The report included images of these suspects taken from GUPD security camera footage, and Giles and five eyewitnesses pointed to one of them as being the perpetrator, multiple sources told The Hoya. Both suspects denied all involvement with the hate crime when university officials contacted them.
On May 13, Giles met with Judy Johnson, the director of the Office of Student Conduct, and the assistant director, Victor Lopez. Johnson told Giles IDEAA would be taking over their case, and Giles said she proceeded to berate them for their reaction to the hate crime.
“Johnson essentially told me I did not deserve to feel the way I did about the hate crime,” Giles wrote in their Nov. 30 press release. “Johnson betrayed, gaslit, and violated me. I felt unseen and unbelieved.”
Johnson did not respond to The Hoya’s request to comment in time for publication. Additionally, the university did not respond to The Hoya directly about these claims.
“While we cannot comment on matters involving individual students or incidents, the philosophy guiding the Office of Student Conduct is educational and grounded in our community’s mission and values,” a university spokesperson wrote on behalf of the Office of Student Conduct. “We seek to understand the impact that campus life experiences have on students, as we do the work of evaluating and adjudicating potential violations of the Code of Student Conduct.”
In the weeks following the hate crime, the Office of Student Conduct asked GUPD for the footage Giles used to identify the perpetrator. The university then discovered that GUPD had lost all footage related to the hate crime after an alleged server failure, meaning Giles had no video evidence of the student they identified as the perpetrator.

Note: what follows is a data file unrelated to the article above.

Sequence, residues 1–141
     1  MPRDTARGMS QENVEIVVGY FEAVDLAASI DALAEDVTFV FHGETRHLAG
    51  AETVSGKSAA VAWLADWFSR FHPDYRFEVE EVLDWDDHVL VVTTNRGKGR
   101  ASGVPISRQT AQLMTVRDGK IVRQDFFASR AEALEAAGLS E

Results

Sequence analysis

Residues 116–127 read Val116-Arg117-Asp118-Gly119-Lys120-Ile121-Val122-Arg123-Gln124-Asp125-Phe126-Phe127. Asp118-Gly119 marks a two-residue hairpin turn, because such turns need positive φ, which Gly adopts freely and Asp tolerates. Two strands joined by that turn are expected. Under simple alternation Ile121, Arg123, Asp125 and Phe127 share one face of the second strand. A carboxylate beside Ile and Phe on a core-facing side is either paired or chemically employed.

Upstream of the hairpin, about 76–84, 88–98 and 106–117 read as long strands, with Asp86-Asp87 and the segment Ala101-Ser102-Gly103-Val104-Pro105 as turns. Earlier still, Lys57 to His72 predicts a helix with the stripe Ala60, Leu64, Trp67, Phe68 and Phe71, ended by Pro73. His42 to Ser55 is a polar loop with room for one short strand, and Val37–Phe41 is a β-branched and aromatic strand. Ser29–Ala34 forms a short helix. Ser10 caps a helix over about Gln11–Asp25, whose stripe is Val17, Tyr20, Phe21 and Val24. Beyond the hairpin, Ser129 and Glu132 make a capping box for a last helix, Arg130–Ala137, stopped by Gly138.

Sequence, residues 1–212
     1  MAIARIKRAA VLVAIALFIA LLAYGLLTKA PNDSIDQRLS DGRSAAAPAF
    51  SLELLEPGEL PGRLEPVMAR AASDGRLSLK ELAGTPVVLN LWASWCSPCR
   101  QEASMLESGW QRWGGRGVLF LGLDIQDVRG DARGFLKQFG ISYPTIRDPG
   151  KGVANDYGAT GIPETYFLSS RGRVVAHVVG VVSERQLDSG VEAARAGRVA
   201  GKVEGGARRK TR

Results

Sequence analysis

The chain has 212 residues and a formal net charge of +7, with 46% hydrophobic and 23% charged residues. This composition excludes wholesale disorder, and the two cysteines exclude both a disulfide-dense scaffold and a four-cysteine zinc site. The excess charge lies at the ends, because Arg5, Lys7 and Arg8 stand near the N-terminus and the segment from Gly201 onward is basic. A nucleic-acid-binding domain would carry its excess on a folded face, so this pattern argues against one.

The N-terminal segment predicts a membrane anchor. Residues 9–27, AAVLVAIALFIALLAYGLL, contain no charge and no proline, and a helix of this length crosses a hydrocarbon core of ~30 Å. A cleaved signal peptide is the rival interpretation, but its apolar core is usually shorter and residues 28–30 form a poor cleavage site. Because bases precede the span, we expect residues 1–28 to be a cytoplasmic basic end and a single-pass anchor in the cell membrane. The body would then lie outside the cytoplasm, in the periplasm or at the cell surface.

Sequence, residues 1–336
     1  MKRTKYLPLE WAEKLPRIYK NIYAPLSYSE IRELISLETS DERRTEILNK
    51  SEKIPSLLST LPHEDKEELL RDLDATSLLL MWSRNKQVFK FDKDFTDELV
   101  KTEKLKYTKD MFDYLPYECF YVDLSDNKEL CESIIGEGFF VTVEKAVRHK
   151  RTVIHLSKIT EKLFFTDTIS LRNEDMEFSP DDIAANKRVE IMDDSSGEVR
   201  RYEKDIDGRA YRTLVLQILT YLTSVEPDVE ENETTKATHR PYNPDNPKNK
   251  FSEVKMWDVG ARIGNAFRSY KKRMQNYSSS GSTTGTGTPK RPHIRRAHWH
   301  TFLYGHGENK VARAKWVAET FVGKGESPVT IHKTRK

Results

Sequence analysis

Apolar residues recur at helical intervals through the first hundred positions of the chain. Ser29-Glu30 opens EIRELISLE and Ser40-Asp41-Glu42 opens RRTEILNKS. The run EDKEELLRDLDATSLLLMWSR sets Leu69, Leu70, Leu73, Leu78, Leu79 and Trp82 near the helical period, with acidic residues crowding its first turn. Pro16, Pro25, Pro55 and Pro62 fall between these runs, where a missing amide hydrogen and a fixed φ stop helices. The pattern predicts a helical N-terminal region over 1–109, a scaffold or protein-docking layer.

IDEAA told Giles the footage was lost, and that without video evidence and because the student denied all personal involvement, the student could not be held accountable. This was despite Giles previously identifying the student when footage was available and from still photographs GUPD took of the footage before it was lost.
A university spokesperson did not comment when The Hoya asked what date GUPD’s servers failed and when they installed new servers.
The university took no public action in the following six months.
“The Georgetown University administration and GUPD refuse to acknowledge the hate crime that happened to me, so I will make them,” Giles wrote in a Nov. 30 press release. “No justice, no peace.”
During that time, Giles said they experienced intense emotional distress because of the hate crime and felt invalidated by university administration.
“For close to seven months now I have been in therapy dealing with the aftermaths of being racially harassed by a racist violent white peer. I’m traumatized,” Giles wrote in the caption of their Nov. 22 Instagram post. “Please Georgetown do something.”
Giles went public about the hate crime and their subsequent experience with Georgetown administration Nov. 22, posting an Instagram infographic that garnered over 13,000 likes.
Giles and GUPR organizers met with university officials multiple times to discuss ways for the university to meet their demands, including an internal published review of IDEAA, the Student Office of Conduct and GUPD’s handling of Giles’ case. They additionally suggested IDEAA change its investigation policy to include testimonial evidence and increasing support for Black students on campus.